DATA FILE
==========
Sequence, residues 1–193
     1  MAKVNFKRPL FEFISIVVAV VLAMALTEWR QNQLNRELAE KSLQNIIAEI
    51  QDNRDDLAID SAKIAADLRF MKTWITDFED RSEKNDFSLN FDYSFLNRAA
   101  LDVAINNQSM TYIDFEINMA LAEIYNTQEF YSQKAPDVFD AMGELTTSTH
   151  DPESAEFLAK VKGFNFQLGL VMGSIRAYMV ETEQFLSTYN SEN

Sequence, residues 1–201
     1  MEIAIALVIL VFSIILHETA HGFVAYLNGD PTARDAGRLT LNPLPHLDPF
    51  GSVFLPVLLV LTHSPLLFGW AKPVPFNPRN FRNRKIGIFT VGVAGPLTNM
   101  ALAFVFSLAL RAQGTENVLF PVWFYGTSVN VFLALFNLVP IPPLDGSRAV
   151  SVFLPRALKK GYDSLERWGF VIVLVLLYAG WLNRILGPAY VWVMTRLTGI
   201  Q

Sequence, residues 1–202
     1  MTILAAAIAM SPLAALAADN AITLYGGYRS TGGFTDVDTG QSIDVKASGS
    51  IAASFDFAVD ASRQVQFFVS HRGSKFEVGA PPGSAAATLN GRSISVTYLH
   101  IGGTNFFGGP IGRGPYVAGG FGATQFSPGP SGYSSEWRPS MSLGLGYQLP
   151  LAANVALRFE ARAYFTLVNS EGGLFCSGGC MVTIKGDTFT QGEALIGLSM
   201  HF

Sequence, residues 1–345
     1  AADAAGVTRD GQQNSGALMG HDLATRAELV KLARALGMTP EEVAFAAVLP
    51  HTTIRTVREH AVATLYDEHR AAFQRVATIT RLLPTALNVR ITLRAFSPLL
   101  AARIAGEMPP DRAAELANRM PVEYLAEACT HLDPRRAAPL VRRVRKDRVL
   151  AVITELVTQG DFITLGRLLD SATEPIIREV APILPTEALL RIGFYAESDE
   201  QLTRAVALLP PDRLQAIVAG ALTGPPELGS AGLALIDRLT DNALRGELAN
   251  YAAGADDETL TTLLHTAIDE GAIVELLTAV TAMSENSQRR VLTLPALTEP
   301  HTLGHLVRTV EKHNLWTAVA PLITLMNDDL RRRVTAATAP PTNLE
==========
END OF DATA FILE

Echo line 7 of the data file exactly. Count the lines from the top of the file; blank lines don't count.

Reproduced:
     1  MEIAIALVIL VFSIILHETA HGFVAYLNGD PTARDAGRLT LNPLPHLDPF